Laos is pushing ahead with its plans for a third dam on the mainstream of the Mekong River in a move that will upset downstream countries, where food security remains a priority, as well as scientists and environmentalists who were hoping for a policy shift from a new leader.
The Mekong River Commission (MRC) has been told by officials in Vientiane that they will formerly enter the process of consultation regarding the Pak Beng dam to be built in the country’s northern province of Oudomxay.
Pak Beng will feed a 912-megawatt power-plant, forming a key plank in Laos’ bid to take advantage of its mountainous terrain and enrich itself by becoming the “battery of Asia” through construction of a series of dams along the Mekong River.
Construction was expected to begin next July and follows mounting international opposition already levelled against the Xayaburi and Don Sahong dams. Of particular concern are the 60 to 70 million people who rely on the river for their livelihoods.
Estimates published by Catch and Culture – a scientific journal that documents the river’s many species – valued the river’s annual fish catch of 4.4 million tons at about $17 billion. Meanwhile highly endangered species like the Irrawaddy dolphin are also at risk.
The decision to proceed also comes after the MRC – one institution charged with management of the river – was gutted financially by international donors who were upset by Laos’ pursuit of its energy strategy at any costs. A restructuring of the MRC followed, with Vietnam now exerting more influence at the expense of the authorities in Laos.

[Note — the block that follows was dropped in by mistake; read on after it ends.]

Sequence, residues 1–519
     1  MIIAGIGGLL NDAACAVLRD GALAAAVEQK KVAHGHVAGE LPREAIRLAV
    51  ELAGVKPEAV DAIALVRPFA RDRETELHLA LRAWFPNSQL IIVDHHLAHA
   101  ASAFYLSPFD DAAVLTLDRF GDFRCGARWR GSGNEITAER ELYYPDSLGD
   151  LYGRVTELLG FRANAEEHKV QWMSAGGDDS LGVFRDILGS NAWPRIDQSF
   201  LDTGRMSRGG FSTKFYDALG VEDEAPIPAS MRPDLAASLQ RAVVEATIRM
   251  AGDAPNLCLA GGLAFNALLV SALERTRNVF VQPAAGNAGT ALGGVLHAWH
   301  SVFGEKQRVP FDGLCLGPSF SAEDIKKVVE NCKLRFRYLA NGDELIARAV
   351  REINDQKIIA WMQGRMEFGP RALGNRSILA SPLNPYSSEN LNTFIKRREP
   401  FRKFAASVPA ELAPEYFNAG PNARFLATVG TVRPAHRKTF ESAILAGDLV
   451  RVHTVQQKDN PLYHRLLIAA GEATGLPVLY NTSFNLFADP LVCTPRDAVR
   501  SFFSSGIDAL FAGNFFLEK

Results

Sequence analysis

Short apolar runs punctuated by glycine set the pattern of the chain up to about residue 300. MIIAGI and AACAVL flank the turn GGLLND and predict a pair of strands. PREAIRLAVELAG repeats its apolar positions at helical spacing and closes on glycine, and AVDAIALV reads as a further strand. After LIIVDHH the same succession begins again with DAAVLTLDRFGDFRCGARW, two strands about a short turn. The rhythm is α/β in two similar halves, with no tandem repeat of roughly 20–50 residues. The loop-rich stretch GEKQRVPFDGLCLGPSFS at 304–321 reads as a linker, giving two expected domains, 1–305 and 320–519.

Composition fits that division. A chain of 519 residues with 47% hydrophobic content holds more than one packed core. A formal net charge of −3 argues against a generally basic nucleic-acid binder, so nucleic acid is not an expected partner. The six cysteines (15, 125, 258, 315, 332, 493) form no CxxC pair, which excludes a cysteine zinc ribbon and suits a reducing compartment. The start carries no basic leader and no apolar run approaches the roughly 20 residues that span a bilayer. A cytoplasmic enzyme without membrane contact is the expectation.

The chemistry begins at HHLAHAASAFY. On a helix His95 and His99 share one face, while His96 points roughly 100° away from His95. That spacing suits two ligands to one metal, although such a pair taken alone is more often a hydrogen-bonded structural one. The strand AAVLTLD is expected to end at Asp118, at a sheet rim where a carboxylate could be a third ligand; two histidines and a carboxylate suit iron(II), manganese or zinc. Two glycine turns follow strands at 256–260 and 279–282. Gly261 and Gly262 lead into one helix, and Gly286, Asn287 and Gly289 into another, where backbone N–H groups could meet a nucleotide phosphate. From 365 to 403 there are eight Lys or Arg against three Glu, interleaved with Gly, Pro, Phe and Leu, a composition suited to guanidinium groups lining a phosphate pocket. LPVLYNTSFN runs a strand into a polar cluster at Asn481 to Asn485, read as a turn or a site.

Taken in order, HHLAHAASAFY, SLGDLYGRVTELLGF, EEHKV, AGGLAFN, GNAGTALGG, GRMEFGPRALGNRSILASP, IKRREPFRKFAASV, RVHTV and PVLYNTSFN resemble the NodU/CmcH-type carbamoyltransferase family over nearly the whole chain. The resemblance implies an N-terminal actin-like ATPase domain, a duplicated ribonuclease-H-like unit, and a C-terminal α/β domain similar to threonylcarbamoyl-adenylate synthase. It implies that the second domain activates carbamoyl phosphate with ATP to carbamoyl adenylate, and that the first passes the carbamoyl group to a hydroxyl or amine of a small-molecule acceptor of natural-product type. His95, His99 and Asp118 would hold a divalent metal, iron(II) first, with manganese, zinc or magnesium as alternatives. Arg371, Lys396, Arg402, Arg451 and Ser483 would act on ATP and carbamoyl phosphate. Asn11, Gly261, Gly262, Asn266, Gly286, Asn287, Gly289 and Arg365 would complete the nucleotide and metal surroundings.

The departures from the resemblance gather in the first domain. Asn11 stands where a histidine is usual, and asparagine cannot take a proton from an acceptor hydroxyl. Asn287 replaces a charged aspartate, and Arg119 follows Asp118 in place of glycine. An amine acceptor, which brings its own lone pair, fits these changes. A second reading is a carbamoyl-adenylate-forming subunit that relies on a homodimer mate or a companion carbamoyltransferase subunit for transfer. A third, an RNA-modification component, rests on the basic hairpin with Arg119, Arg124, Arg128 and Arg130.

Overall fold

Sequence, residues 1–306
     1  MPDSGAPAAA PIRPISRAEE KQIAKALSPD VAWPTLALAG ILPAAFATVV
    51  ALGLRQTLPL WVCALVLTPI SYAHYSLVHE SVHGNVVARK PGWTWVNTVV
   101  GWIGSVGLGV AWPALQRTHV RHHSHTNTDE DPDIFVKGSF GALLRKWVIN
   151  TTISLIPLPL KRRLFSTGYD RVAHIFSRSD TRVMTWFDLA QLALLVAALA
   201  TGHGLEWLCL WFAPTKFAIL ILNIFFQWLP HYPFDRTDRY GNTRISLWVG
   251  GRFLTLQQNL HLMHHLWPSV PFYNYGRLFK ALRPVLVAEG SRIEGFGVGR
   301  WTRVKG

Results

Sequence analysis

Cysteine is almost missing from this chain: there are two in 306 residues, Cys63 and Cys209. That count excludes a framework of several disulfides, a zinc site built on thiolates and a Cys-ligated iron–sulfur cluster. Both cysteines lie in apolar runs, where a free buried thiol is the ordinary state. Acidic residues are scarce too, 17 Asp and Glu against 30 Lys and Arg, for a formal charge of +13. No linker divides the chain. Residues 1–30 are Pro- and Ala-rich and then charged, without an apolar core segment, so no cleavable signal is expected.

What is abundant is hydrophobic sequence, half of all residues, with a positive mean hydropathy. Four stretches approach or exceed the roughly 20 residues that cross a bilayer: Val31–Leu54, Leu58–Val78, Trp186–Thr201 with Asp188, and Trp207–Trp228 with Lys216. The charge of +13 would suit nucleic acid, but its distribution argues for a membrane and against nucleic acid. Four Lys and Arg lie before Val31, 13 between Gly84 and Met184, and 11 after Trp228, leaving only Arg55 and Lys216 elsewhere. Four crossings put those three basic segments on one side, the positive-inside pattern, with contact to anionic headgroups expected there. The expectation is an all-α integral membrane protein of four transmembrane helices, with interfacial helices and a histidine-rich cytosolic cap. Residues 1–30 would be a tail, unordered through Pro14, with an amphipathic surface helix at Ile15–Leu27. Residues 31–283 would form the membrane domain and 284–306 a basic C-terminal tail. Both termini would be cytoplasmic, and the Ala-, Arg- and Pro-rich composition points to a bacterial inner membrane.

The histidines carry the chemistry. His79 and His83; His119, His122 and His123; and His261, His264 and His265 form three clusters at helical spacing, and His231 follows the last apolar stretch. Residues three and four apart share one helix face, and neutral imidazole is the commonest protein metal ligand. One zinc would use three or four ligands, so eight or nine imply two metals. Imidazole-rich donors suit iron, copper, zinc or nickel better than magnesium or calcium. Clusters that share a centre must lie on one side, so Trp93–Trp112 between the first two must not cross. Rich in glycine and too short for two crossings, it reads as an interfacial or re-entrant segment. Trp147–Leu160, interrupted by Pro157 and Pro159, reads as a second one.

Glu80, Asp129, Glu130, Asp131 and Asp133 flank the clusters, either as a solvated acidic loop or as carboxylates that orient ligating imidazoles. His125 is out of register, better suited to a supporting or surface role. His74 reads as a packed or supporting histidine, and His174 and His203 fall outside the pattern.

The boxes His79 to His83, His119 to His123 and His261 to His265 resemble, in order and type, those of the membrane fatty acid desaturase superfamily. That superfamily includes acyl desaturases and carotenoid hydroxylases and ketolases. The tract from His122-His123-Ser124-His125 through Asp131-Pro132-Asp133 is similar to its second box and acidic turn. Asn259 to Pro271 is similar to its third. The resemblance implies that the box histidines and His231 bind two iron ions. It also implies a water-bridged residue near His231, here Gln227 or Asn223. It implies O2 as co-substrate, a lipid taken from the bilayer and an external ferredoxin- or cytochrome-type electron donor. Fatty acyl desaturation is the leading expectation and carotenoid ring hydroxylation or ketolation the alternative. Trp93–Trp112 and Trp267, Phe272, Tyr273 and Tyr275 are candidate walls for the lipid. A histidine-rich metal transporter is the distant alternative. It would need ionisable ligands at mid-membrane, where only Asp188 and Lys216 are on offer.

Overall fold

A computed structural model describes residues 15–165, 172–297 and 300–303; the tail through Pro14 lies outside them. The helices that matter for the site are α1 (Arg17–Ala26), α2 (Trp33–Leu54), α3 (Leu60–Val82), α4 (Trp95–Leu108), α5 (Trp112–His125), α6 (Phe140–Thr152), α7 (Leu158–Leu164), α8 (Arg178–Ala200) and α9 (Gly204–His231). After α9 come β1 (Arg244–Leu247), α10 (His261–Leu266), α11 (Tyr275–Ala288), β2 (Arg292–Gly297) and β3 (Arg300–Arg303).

Critics have also argued the government’s spending plans are far too expensive for what this country can afford. A railroad to traverse the country is expected to cost $7 billion. The highly controversial Xayaburi dam — the first to dam the mainstream of the Mekong River — will cost at least $3.5 billion. Vientiane plans to build at least 11 dams in all and other big ticket infrastructure projects including roads, airports, tunnels, and other railways are also underway.
According to the World Bank, Laos’ GDP in 2015 was just $12.3 billion.
Further concerns mounted when the Mekong River struck historically low levels amid drought and complaints that Laos and Chinese dams upstream had interrupted normal flow. This included anger over Thailand’s decision to divert the course of the river to water a rural dustbowl on its territory.
The proposed Pak Beng dam is situated amid lush tropical jungles and mountains where locals rely on for riverbank farming, fishing, and raising livestock. Thai energy giant Electricity Generating Holding Public Co. Ltd. is believed to be involved with a Chinese joint venture partner and is expected to import much of the electricity generated by the plant.
According to International Rivers, about 25 villages in Laos and two villages in Thailand will be directly affected by construction of the dam, with an estimated 6,700 people to be re-settled.
“The rapid pace of dam development on the Lower Mekong mainstream – including the construction of the Xayaburi and Don Sahong Dams – has ignored calls from Mekong governments, donors, scientists, and concerned communities, for further studies, transboundary impact assessments and participatory regional decision-making,” it said.
It also says there is an urgent need for regional governments to press the pause button on further dams on the Mekong mainstream, to take stock of projects already under construction, and to conduct further studies on the transboundary and cumulative impacts of these projects.
The decision to proceed with Pak Beng also indicates that the secretive, communist government of recently installed president, Bounnhang Vorachith, intends to carry on with the policies initiated by his predecessor, who had earned a ruthless reputation in business.
Luke Hunt can be followed on Twitter @lukeanthonyhunt